In tight times, bears and bayous aren’t enough of a deal.
Would you like to visit one of America’s magnificent national parks? Yosemite in California, perhaps, with its scenic cliffs and cascading waterfalls?
Or something warmer as fall turns into winter here in the northern hemisphere, such as Florida’s Everglades swamp or a southern battlefield site from the U. S. Civil War?
You’ll certainly be welcome, because so far this year, visitation to the nation’s 395 national parks and historic sites is down about five percent from last year, following a 7.5 percent fall from the year before.
National Park Service officials are somewhat perplexed by this, since park visitation often rises in difficult economic times. It is cheaper than many other vacation destinations.
But the prolonged length of the economic downturn and continued high gasoline prices have made their mark. Don’t forget, a lot of tourists who stay in park campgrounds show up in large campers and recreational vehicles, which are notorious gas guzzlers.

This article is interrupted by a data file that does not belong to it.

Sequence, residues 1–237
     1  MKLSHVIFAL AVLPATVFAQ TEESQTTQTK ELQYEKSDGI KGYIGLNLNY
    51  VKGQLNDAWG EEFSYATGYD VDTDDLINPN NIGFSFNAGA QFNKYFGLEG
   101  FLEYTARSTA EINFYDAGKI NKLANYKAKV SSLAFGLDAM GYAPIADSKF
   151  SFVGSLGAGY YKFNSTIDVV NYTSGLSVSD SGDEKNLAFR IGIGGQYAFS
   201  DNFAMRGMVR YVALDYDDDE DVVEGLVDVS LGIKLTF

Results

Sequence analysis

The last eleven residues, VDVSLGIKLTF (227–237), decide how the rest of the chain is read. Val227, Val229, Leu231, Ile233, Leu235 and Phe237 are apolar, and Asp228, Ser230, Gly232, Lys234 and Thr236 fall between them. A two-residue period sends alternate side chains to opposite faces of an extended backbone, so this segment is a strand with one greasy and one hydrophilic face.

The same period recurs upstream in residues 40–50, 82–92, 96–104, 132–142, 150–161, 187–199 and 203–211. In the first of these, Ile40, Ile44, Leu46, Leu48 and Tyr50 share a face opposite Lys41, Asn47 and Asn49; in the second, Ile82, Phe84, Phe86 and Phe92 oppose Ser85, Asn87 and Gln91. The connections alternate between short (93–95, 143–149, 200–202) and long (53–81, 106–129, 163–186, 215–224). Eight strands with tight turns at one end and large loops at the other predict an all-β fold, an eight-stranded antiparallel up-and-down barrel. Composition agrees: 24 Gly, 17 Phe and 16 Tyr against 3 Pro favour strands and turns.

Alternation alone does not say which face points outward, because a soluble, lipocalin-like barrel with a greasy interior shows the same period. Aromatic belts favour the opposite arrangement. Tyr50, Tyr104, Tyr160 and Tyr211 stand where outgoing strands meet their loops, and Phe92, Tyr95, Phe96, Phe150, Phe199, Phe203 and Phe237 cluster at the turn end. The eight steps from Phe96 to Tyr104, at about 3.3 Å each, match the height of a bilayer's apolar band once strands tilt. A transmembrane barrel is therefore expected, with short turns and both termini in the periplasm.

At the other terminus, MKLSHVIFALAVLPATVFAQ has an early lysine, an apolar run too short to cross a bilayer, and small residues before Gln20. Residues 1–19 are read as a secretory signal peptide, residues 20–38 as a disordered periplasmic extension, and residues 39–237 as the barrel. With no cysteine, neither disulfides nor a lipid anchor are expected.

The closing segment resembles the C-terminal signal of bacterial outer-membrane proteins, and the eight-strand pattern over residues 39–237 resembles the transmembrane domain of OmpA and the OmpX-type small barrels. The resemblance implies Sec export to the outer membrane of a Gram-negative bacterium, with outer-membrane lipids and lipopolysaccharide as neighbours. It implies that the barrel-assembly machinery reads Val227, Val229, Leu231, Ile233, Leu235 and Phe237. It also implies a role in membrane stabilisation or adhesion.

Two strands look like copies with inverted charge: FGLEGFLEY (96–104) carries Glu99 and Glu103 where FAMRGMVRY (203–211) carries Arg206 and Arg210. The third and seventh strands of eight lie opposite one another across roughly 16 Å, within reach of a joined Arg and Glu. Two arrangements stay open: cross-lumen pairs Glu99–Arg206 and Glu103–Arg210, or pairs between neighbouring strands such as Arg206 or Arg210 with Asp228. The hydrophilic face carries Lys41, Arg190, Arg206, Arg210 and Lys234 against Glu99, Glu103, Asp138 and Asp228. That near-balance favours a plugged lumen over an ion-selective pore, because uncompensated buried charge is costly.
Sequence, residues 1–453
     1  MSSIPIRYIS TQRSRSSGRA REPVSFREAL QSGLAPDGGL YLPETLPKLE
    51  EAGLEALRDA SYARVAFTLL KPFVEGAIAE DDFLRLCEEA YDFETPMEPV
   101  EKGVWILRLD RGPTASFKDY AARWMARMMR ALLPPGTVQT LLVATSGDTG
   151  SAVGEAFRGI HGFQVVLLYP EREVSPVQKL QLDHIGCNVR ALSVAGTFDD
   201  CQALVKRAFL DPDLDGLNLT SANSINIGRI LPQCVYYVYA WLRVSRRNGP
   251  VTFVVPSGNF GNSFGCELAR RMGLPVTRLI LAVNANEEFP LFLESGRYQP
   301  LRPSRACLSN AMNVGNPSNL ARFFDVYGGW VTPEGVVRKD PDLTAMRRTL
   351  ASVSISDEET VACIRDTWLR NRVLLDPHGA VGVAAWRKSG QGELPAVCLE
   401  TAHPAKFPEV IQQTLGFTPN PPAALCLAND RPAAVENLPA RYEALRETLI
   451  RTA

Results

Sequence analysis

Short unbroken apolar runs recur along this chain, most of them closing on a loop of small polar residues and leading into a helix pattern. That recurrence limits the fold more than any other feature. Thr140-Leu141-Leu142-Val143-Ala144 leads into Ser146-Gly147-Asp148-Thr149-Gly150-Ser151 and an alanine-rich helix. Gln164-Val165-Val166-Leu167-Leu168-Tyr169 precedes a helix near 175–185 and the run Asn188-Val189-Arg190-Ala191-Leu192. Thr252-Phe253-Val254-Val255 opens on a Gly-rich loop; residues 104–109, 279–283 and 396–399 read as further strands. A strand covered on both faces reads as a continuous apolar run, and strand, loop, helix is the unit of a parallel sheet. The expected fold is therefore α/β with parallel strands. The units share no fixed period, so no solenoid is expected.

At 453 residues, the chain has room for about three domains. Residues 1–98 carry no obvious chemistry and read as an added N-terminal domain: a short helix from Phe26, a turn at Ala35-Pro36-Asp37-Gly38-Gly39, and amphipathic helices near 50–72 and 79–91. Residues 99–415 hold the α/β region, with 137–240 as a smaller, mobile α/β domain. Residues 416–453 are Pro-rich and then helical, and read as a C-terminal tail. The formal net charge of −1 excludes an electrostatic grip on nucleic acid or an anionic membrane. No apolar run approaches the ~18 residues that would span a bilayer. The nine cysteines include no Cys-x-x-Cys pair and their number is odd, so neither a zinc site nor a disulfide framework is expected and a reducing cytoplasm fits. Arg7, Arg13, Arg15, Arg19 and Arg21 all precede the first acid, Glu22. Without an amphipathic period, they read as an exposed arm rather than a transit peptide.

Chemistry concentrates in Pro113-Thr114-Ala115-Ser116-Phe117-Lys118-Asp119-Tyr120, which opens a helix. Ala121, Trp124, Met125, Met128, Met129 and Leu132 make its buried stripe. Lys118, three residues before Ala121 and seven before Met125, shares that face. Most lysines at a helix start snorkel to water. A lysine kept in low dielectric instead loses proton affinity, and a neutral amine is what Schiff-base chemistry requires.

One of the most appealing national park views, seen by fewer visitors this year. is of the Teton Range from the flat valley in Grand Teton National Park.
It has also been two years since the acclaimed documentary about their history and beauty, by Ken Burns, piqued interest in the national parks.
And while it is impossible to get an actual count, anecdotally park rangers are reporting a significant fall in what is generally one of the strongest segments of park tourism: visitors from Europe, where the growth of the euro versus the dollar had made trips to the United States a bargain.
But the euro’s value has fallen in comparison to the dollar, which combined with the instability of several national economies on the continent, it’s thought that lots of European families that might have checked out the misty hollows of the Great Smoky Mountains or the shimmering sunsets over the Grand Canyon stayed closer to home this year.